Mardi Gras
Mardi Gras
Beads, Belles, and Balls
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MARDI GRAS: Beads, Belles, and Balls, transports the reader via verse and "prose snapshots" through seven days of Carnival distilled from Jack Beach's three decades in the "toujours gai" Lower French Quarter in New Orleans.  Savor the anticipation when parades, balls, and strip bars are in full swing.  Funky and glamorous; crazy and hilarious. At long last, Mardi Gras Day!  Fantastic costumes flood the streets. Join the crowds. Kiss a pregnant nun! Fall in love! Then, the gray specter of Ash Wednesday and price tag of Lent: the long good-byes and heading home. Memories and mementoes to last a lifetime.

After Hurricane Katrina's devastating assault this fall, you will cherish this superb record of how it was and, pray God, will be one day again.




ZULU Parade:

A time to throw

A time to leap

A time to cheer

A time to weep.

As some Hun stomps your arch

A Vandal tromps your toes and

You are savaged by drunken Visigoths

crying, "Mine!  Mine!"

vaulting so high they

block gold Zulu coconuts

and hunks of sky.




"I earned 'em all an' they are mine!"

crows an Elks matron

from Kankakee, shaking her cans.

"Showed everything heck of a lot to get mine,"

slurs Rock, bead-laden stud

with Swartzenegger pecs.

"Honey, took mah first load back to the pad;

and workin' on my second,"

bleated Little Bo Peep

with detachable boobs

and a five-o'clock shadow.

Mardi Gras Day                                               Jack Beach p.137


(New Stanza)




Last year

Mardi Gras midnight

Struggling home from my final

            buck-in-bikini fix

            at the Corner Pocket,

I caught this sudden glint

beneath a forest of feet

at Bourbon and St.Louis.

Reaching into the street litter,

I retrieved a string of beautiful


(faux of course) beads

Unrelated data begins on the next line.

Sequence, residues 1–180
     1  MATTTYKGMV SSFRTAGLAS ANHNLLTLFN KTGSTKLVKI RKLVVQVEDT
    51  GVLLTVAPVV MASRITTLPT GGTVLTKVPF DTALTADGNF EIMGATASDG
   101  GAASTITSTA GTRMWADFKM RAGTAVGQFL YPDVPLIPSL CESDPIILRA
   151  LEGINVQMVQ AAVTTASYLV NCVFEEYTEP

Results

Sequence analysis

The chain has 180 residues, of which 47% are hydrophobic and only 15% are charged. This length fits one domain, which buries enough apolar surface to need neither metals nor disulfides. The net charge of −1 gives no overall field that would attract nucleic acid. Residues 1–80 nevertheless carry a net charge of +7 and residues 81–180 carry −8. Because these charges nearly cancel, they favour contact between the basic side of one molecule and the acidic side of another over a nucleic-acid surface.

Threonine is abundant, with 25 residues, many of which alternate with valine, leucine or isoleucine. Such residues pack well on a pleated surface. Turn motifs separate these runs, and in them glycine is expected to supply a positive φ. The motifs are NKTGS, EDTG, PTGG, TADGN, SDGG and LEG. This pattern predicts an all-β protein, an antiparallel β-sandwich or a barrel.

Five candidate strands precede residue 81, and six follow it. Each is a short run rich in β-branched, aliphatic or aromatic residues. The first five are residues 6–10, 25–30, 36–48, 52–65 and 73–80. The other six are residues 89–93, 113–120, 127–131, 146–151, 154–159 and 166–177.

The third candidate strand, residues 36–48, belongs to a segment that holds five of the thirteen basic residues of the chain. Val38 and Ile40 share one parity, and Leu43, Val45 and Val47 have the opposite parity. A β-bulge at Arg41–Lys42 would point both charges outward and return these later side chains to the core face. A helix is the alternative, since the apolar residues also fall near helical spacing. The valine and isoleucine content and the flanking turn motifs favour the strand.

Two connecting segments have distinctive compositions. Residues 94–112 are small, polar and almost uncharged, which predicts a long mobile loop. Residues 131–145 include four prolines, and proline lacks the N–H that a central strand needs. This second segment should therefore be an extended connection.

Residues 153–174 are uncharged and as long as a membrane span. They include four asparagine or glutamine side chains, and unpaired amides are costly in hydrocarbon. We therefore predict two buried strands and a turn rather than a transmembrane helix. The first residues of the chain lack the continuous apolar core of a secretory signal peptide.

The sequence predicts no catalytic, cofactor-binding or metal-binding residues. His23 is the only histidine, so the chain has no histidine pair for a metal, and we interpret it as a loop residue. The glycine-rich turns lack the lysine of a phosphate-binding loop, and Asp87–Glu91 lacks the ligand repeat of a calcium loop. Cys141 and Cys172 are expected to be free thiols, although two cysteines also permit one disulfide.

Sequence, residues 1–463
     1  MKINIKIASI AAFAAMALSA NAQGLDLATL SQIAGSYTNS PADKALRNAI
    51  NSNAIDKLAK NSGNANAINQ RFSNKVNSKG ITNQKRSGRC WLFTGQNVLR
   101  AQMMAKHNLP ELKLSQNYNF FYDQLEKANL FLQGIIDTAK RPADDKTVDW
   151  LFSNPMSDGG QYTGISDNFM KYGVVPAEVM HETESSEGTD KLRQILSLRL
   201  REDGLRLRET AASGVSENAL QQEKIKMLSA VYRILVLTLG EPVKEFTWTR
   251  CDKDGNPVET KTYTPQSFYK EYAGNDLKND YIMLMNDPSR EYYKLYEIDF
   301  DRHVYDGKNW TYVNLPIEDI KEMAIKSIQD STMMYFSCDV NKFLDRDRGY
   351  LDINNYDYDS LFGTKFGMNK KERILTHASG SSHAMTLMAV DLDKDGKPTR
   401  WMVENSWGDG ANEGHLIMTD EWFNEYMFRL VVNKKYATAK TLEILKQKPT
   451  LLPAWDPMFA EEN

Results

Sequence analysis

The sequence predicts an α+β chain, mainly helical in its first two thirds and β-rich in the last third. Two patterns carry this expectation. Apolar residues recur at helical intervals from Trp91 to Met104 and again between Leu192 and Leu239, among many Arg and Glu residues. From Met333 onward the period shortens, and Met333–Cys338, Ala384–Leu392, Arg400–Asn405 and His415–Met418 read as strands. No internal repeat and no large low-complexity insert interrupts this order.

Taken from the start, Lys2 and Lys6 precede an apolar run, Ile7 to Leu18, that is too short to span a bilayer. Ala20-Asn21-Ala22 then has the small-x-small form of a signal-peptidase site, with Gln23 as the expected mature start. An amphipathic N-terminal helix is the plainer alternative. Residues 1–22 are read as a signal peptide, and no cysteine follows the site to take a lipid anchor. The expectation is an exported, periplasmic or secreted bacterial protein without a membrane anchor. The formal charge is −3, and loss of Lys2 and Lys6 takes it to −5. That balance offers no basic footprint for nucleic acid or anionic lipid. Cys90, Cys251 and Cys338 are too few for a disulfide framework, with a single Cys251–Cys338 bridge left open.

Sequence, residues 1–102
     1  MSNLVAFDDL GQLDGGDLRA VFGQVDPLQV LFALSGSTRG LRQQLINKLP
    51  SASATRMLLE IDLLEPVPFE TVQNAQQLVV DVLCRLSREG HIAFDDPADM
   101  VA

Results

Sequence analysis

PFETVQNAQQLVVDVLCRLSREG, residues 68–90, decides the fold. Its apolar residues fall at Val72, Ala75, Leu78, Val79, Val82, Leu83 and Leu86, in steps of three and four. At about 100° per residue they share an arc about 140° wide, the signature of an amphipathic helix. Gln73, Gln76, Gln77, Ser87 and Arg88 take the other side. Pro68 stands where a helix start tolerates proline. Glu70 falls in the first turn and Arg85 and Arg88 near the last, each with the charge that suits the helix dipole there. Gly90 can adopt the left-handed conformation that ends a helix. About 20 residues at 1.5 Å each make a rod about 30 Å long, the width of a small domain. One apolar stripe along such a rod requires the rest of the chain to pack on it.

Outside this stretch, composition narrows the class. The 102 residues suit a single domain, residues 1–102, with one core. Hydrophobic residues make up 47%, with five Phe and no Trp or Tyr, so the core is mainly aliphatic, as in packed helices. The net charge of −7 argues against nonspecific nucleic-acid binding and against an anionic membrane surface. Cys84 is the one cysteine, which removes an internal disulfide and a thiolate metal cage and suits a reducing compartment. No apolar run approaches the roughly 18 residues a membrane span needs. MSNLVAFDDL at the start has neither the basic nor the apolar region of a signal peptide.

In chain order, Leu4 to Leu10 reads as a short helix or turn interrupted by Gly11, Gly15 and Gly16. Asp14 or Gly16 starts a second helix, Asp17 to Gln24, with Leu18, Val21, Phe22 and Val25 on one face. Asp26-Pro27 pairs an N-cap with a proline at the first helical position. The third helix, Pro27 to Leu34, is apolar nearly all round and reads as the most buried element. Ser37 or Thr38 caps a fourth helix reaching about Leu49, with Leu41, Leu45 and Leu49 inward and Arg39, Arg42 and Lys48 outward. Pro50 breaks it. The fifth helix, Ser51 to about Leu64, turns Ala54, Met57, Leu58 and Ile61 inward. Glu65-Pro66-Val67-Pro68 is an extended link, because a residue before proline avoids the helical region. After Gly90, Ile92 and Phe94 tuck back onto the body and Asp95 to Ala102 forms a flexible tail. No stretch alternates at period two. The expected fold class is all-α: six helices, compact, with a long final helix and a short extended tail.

which now bedeck the garden entry

of my slave-quarter place.

They are beauty.

They are grace.

They glisten like dew

these rare winter mornings

when fickle old sun

deigns to shine . . .







I'm bucking crowds over on Chartres when I notice this pretty young black lady standing in a doorway. She is wearing a familiar rose uniform and a bevy of Mardi Gras beads.

I surprise her with my, "Hey! I bet you work at the Place d'Armes Hotel."

"Why, how'd you know that, now?" those amber eyes wide in astonishment.

"I live on the third floor across the street.

JACK BEACH (pen name) is a bona fide Yankee. Born in Galesburg, Illinois, he studied at Chicago's Goodman Theatre, U; of Iowa, and Western Reserve U. (Ph.D.). After two decades on the Theatre Faculty at the University of Kansas, Beach pulled up stakes and headed to Atlanta, where his love of Southern Drama and Literature beckoned. Retiring from Agnes Scott College in 1985, he built a home in Pensacola, Florida, and leased a pad in New Orleans. For years he has been hobnobbing around the lower (decadent) end of the French Quarter, collecting the story gems and oddities revealed as poems and "prose snapshots" in MARDI GRAS: Beads, Belles, and Balls.

Beach has published three previous books with Author House: The Three-Mile Bridge (poems) The Grand Tour (travel poems), and Without a Net (short stories).


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